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I was reminded of a conversation I had with a professor while I was searching for a book on weapon physics and design for an unrelated application in designing an online RPG game.

It was during a grad interview at a top public university in the states when I mentioned that I became fascinated with laser sensing and radar technology due to the Israel-Palestinian conflict during 2013 when I saw how the Iron Dome technology was so effective at protecting the civilians from rockets fired across the gaza strip. I was expecting him to go deeper into the applications of his research focus in these areas but to my surprise he quickly switched the topic.

I had always interpreted this encounter as his lack of interest in discussing anything related to warfare and technological possibilities to that end and not his own personal politics (I would be extremely surprised if he had deep opinions on the conflict itself). For years I had taken the assumption that academics in general averts any discussion to military applications of their research and "things that can kill people". After all which department across North America would boast having research in machine vision for surveillance drones or deadly biological toxins?

But needless to say in the real world there are a lot of research into weapon, weapon making and theoretical weaponry as evident by the host of military weaponry technologies ranging from autonomous military robots, laser weapons, drones, algorithms for missile tracking that are coming out each year (sometimes on Youtube!). The Iron Dome technology didn't pop out of thin air. Someone smart had to design the system, someone rich had to fund such research.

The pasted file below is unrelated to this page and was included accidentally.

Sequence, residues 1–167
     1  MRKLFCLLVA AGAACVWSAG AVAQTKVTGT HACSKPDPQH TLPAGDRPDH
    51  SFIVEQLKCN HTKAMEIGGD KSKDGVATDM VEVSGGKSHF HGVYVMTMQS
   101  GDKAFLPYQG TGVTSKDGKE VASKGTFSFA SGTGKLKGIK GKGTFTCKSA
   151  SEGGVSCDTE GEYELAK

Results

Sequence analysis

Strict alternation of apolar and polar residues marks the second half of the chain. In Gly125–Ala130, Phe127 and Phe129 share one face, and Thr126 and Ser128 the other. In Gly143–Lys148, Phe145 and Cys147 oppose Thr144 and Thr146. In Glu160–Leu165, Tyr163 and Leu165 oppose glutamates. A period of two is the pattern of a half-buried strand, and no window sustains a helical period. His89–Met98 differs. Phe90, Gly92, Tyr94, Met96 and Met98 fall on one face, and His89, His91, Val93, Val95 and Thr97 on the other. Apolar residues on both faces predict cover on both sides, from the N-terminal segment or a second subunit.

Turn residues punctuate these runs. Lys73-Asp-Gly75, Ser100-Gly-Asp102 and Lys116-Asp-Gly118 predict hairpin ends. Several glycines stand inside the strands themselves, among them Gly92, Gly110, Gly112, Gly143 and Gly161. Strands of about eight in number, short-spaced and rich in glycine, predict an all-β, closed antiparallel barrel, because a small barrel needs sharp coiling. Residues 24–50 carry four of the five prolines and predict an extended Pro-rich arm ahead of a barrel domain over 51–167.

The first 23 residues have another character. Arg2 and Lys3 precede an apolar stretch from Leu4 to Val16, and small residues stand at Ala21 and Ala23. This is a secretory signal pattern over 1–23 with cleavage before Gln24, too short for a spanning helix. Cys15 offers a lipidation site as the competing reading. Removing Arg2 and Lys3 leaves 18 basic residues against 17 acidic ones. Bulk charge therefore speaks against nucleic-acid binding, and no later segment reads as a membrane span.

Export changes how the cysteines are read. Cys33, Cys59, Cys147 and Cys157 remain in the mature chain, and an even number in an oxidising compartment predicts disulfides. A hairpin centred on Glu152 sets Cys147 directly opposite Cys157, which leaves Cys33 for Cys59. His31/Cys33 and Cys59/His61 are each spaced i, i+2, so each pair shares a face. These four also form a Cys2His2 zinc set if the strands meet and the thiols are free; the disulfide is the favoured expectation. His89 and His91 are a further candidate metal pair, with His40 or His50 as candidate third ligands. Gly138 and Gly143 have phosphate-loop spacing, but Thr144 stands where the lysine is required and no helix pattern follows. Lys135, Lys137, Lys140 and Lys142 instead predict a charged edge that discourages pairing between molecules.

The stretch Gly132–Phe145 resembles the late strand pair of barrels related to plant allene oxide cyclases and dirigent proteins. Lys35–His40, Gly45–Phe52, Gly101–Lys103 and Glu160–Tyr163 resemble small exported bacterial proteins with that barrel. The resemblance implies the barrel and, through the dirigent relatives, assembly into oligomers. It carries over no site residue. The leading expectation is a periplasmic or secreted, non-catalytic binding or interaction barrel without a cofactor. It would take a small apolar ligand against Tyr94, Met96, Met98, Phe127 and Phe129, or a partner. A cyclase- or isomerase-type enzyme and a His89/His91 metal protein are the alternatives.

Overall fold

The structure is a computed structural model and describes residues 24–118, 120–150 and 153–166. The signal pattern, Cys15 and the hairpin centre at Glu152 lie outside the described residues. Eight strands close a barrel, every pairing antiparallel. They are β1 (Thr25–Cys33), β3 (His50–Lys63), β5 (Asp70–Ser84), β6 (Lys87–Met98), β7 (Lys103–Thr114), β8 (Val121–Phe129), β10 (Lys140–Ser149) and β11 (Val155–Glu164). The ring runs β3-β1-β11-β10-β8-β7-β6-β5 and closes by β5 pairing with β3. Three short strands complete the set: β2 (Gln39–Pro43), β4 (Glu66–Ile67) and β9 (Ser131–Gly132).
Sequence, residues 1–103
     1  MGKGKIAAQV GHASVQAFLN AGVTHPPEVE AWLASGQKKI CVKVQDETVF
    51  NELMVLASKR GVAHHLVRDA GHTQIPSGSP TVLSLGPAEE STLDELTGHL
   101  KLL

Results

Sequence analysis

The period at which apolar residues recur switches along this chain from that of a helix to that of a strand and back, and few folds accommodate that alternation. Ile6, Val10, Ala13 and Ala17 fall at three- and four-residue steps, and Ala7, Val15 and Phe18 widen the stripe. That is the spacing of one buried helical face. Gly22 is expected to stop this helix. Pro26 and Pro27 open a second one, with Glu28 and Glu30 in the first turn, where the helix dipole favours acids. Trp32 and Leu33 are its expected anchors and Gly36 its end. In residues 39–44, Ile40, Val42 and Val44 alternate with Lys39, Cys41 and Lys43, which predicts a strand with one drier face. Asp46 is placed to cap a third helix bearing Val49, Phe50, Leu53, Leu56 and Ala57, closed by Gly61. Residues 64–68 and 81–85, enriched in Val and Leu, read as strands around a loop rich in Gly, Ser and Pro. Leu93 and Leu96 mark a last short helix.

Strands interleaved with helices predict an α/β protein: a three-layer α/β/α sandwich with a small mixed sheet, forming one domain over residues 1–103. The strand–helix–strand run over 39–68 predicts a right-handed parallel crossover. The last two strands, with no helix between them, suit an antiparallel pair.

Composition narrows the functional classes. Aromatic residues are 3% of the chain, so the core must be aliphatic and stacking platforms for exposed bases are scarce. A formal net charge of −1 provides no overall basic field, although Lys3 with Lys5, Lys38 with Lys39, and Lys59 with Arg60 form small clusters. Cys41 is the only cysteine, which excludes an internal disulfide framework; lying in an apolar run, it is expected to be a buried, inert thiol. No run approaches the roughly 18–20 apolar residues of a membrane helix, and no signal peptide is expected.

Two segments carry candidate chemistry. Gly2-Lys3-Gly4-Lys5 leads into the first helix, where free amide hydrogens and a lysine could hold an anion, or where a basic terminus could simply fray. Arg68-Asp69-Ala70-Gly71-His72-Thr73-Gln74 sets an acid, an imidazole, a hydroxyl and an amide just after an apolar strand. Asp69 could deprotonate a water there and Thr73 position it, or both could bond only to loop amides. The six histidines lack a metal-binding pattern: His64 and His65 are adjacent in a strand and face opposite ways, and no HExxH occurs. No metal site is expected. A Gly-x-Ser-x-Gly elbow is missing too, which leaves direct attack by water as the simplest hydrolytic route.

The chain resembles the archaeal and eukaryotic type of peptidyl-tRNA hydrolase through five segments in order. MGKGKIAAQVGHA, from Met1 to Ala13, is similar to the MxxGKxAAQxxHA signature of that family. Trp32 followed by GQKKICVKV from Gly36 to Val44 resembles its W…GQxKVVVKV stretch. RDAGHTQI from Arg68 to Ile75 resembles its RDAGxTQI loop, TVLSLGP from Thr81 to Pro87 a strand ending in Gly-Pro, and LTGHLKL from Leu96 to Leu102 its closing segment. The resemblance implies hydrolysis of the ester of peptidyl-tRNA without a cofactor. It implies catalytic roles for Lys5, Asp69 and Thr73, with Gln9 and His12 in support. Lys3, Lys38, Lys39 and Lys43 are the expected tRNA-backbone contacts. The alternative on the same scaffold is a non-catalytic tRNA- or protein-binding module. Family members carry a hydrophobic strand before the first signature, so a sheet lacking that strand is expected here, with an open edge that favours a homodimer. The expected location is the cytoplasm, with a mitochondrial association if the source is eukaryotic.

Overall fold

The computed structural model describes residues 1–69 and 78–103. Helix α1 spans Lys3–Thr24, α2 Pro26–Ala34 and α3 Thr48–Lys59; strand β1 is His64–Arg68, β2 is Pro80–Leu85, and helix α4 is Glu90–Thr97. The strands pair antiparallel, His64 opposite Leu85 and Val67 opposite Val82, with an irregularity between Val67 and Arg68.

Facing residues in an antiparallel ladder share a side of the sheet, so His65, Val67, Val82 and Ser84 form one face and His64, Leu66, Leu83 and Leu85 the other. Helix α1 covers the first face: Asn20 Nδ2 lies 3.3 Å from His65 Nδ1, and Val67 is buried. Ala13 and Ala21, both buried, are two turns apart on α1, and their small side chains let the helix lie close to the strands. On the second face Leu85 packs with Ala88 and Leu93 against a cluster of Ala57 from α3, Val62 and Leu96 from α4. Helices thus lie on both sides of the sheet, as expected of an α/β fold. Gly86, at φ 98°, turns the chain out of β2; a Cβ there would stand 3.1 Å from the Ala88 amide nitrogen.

I am curious as to the role that universities play in research into weapons and other military technology. I hope someone can provide me an answer to clear up the following questions:

  • Can we think of university and the military as two separate spheres or are they intricately meshed together? Through what means?

  • Are there any programs or departments in public or private universities in North America and elsewhere that place emphasis on research into military applications?

  • Are harmless research results and findings from universities later on weaponized at weapon research centers, military colleges, etc.? Or do weapons solely come out of weapon research facilities?

  • What is the general stance or attitude in academia with respect to research for military applications?

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    I think that this question is too broad for this site (even considering the formulated specific sub-questions). a relatively comprehensive answer to this question IMHO, probably, would be a candidate for a long paper or a book chapter, if not a whole book on the topic. – Aleksandr Blekh Jun 8 '15 at 8:29
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    I like the question. But, it is indeed too broad. Sorry about the close vote. – scaaahu Jun 8 '15 at 9:20
  • @AleksandrBlekh I think the sub-questions are difficult to answer, but not too broad. Especially #2 and #3 are quite specific. I agree that a full answer would be very long and detailed, but that shouldn't be a reason to close the question. For this site, a pointer to maybe existing previous studies could make a good answer. – silvado Jun 8 '15 at 11:00
  • BTW, we have related questions (or answers): academia.stackexchange.com/questions/4954/…, academia.stackexchange.com/questions/28462/… – silvado Jun 8 '15 at 11:09
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    This question is too broad, but I think its pieces should be answered. Can you please split each bullet point into its own question? People may be reluctant to answer some of them because these are very uncomfortable topics for academics, but they are also very important. – jakebeal Jun 8 '15 at 11:09